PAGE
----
In the late 90’s, Ensign was pretty much my favorite band. I think a lot of that had to do with the fact that they were on Indecision Records from SoCal, and as a result, it felt like Ensign was playing shows around SoCal like every 3 months from 1997-2000 or so. They really did feel like a CA band just as much as they were a NJ band. Along with In My Eyes “The Difference Between”, Ensign’s “Direction Of Things To Come” was pretty much the first hardcore record I latched onto that was actually a part of my generation. I was super into my Minor Threat “Discography” CD and the Gorilla Biscuits “Start Today” CD, but I was just not feeling this metal stuff that a lot of my other friends were telling me was “hardcore”. I wasn’t being divisive or a dick about it…. At age 16 in 1996, I didn’t know what hardcore did or didn’t mean, but all I knew was people called GB and MT classic hardcore bands, and the metal stuff that people were showing me didn’t sound like GB and MT. Ensign and In My Eyes did, or at least it was close enough for me. I latched on hard, and really never let go, even to this day. For me, “Direction Of Things To Come” will always be one of my favorite records of all time. A lot of it is nostalgia, but a lot of it is legitimate – I really dig it, even now. That song “Hold” still gets me so pumped when I hear it. For some reason, Ensign never got the respect they deserved… They never had the same “cool factor” as Floorpunch, Ten Yard Fight, In My Eyes, Bane, or even Reach The Sky. That never mattered to me, I liked Ensign better than all of those bands, except for In My Eyes. That’s right, I said it – that means that I like Ensign wayyyy better than Floorpunch, and I still do! And it’s not even close for me. How bout them apples? haha. I think the other reason I always loved Ensign was because of my friend, Mike Stelle, who released the Carry On 7″ on Jitsu Records. He really loved Ensign too, and he was acquaintances with Tim Shaw, the Ensign vocalist. So whenever Ensign was out in CA playing all those shows in the late nineties, Mike would let me tag along to shows with him. Whenever he was hanging around at the show talking with Tim Shaw, Tim would always go out of his way to be really nice to me and talk with me about upcoming CA hardcore bands and stuff. He’d tell me cool stories about Sick Of It All tour and things like that – he was just really friendly to me. He didn’t seem “too busy” or “too cool” to be talking to some dumb young kid, and that made a big impression on a 17-19 year old me. I sometimes overheard him talking with Mike about possibly getting on Fat Wreck Chords (Ensign ended up on Nitro instead), and I actually always really respected him for that. He said he’d like to be able to do what Sick Of It All has done all these years – do something they love, spread the hardcore message, all while staying true to the things he believed in without the pressure that most major labels would put on bands to become big “rock bands” or something. He always seemed like he had his heart in the right place, and I took notice of that. I never have known Tim Shaw personally, so I can’t speak to any of that… Hopefully he’s a great guy, I wouldn’t really know one way or the other! But sometimes that stuff doesn’t matter, ya know? The thing that does matter, is the impact that it had on me to be true to myself, to be truthful in what I do and say, regardless of whether it’s “cool” or not. Obviously it wouldn’t have been “cool” in the hardcore community for Ensign to come out and say they wanted to be on Fat Wreck Chords. But I felt like Tim didn’t give a fuck, because he was comfortable that he was doing it for worthwhile reasons – to do something he loved and spread a message that was important to him. Ultimately, all that matters is that nearly 15 years later, I’m writing a blog entry about the importance of these conversations that I overheard… So I’d say that Tim and his band played a part in doing something important and worthwhile. They helped mold a kid’s perception of the world, who 15 years later, is still putting those lessons learned within the hardcore community into practice out in the real world.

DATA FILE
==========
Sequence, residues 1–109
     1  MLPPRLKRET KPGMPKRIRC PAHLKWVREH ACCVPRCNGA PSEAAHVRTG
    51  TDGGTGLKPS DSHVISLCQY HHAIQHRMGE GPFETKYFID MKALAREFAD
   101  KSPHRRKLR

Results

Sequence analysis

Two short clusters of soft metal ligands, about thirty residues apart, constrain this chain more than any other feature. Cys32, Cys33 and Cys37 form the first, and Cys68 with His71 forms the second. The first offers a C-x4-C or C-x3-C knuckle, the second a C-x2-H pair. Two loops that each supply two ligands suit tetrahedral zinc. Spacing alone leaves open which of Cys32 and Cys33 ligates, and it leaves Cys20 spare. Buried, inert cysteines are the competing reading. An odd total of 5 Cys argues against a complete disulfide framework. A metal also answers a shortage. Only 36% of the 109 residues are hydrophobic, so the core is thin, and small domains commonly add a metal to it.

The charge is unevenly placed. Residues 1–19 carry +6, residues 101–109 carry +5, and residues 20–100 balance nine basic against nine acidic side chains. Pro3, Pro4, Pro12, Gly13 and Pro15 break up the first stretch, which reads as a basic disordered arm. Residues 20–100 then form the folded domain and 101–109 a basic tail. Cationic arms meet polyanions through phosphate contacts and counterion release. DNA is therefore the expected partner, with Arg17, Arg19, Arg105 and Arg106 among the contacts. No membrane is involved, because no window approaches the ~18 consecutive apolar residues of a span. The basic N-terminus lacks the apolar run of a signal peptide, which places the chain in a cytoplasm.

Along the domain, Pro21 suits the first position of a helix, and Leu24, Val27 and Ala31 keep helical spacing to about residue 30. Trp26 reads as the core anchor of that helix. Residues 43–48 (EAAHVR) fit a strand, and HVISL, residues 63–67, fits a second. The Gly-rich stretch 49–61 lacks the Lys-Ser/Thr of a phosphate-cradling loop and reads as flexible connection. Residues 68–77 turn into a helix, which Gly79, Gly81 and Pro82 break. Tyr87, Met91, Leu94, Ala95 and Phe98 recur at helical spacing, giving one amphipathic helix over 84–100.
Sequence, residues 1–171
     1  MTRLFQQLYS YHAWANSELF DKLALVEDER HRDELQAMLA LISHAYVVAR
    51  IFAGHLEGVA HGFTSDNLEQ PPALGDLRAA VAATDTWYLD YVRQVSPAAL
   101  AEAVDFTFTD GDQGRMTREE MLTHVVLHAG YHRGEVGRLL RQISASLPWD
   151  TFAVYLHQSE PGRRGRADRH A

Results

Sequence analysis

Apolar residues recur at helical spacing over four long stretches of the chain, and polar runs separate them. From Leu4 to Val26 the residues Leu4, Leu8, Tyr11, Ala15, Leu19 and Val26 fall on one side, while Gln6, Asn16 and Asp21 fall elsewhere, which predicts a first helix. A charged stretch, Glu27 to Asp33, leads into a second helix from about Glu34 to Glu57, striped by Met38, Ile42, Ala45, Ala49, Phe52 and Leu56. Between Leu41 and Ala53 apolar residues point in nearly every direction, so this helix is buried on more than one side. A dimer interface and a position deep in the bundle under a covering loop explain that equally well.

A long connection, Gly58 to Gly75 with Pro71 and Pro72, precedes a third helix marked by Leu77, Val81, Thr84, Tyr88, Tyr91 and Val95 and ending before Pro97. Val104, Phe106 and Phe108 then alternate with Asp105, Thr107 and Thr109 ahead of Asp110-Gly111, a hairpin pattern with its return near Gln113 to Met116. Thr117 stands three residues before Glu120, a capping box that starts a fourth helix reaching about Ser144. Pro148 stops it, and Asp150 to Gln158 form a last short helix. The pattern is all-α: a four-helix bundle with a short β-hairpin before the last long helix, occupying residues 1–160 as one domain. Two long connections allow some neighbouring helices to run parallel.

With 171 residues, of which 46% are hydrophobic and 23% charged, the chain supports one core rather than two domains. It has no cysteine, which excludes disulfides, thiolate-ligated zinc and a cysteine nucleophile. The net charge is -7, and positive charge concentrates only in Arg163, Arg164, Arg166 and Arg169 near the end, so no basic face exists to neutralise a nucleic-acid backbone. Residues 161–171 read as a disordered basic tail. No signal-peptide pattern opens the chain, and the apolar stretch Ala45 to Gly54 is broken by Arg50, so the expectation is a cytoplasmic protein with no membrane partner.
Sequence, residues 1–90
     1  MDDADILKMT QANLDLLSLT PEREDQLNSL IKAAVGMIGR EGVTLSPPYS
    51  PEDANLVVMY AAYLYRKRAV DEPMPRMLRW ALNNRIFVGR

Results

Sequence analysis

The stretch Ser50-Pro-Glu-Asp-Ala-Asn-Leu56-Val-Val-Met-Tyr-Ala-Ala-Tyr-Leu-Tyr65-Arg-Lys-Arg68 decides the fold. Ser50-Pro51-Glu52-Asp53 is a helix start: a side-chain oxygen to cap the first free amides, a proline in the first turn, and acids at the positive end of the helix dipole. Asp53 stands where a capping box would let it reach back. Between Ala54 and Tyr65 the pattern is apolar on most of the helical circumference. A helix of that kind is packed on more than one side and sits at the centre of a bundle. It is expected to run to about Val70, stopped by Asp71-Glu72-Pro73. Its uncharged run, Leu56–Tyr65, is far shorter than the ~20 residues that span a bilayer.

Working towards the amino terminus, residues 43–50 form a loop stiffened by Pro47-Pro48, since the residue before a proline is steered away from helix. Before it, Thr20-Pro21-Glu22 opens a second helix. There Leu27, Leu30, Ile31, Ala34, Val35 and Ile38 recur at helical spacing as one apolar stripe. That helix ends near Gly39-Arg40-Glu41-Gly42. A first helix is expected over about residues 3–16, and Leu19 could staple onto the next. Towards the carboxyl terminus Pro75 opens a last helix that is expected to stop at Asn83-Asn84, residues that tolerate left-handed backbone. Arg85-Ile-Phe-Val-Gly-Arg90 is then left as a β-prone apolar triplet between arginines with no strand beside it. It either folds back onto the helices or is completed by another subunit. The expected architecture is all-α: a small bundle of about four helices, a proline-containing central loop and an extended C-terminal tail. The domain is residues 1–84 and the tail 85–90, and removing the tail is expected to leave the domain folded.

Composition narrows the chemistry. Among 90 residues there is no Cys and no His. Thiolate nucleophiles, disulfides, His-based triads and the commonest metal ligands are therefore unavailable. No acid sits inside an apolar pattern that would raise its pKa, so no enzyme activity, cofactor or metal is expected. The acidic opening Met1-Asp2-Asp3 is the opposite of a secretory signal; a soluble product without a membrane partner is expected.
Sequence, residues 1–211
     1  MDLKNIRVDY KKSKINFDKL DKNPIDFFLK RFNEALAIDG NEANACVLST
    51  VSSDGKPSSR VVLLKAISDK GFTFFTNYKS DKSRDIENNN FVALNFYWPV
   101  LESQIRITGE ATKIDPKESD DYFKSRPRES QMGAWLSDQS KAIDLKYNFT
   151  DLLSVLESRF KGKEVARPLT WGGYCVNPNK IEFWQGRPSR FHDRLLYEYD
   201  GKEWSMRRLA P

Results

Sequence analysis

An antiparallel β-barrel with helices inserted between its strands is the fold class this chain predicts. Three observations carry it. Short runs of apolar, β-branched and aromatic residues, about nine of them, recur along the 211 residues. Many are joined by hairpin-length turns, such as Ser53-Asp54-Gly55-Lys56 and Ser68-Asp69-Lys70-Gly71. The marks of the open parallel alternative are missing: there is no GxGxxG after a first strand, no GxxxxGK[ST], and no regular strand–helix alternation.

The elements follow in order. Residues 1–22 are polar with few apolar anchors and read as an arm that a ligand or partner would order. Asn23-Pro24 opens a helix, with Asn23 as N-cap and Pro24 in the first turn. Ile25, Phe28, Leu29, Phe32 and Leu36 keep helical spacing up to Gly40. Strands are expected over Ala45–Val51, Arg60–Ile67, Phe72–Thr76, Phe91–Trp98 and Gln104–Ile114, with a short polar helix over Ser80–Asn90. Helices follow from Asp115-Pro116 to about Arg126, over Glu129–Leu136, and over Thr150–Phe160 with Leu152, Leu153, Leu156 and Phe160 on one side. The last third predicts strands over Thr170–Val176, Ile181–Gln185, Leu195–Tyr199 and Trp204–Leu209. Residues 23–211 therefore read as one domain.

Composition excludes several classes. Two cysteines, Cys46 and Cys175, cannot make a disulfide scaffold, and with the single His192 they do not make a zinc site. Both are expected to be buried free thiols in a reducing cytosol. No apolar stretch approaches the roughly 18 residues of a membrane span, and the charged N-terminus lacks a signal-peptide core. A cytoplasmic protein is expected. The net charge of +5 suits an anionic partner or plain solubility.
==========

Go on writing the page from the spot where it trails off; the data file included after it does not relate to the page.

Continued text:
Here’s a photo of me, Ryan Fredette (In Control), and Dave Weinberg (No Reply / The Suicide File) at an Ensign show at Skate Street in Ventura, CA around 1999. It looks like Tim Shaw is doing some sweet disco dance move straight out of Pulp Fiction or something, haha. I think No Reply and Fields Of Fire both played the show that night, along with Death By Stereo and probably one more band like Adamantium or Throwdown or one of the heavier Orange County bands. I love Ryan Fredette’s “Oxnard” embroidered hoodie, haha. He, Todd Jones, Pat Beltran (RIP), and some of the other guys used to always wear those.
Ensign – “Demo” cassette tapeThe original Ensign demo… You don’t see these every day! It’s got a funny mid 90’s hardcore vibe meets nu metal sound or something, haha. But wait, it gets weirder….
A little fun fact about Ensign: by the time they released their first record, they didn’t have any original members! Here’s proof. The original Ensign demo doesn’t have any of the members we all knew, not even Tim Shaw on vocals! I don’t know the whole story about how things developed, and/or how Tim Shaw came to sing for Ensign, but here’s the list of original members.
Ensign – “s/t” 7″The first Ensign 7″ was originally only pressed on grey vinyl out of 330, and 3,436 on black vinyl (100 with tour cover). Damn, that’s a lot of records… Things were so different back then. I can’t imagine a record label pressing that many hardcore 7″s all at once anymore. They eventually repressed it one time on colored vinyl – blue vinyl, out of 449. There were some rip-off covers made for both Ensign 7″s for their European Tour. The “s/t” 7″ got an Underdog rip-off cover, out of 100 copies. These were/are actually really hard to find. I remember I had to search for these things for years and years, and finally found a Euro dude who was willing to trade me both tour 7″s. I know Ensign records may not be the most expensive records out there, but I can pretty much guarantee you it’s still going to be a bitch to find these Euro Tour rip-off 7″ covers.